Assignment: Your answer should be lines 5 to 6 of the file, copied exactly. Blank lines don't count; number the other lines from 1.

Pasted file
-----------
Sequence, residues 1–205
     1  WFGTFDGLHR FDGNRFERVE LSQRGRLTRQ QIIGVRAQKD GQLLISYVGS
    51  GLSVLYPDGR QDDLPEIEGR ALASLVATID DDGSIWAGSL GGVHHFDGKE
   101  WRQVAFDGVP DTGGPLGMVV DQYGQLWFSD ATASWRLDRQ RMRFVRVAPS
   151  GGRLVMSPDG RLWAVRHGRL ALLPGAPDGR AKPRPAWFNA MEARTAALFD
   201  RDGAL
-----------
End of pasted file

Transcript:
   151  GGRLVMSPDG RLWAVRHGRL ALLPGAPDGR AKPRPAWFNA MEARTAALFD
   201  RDGAL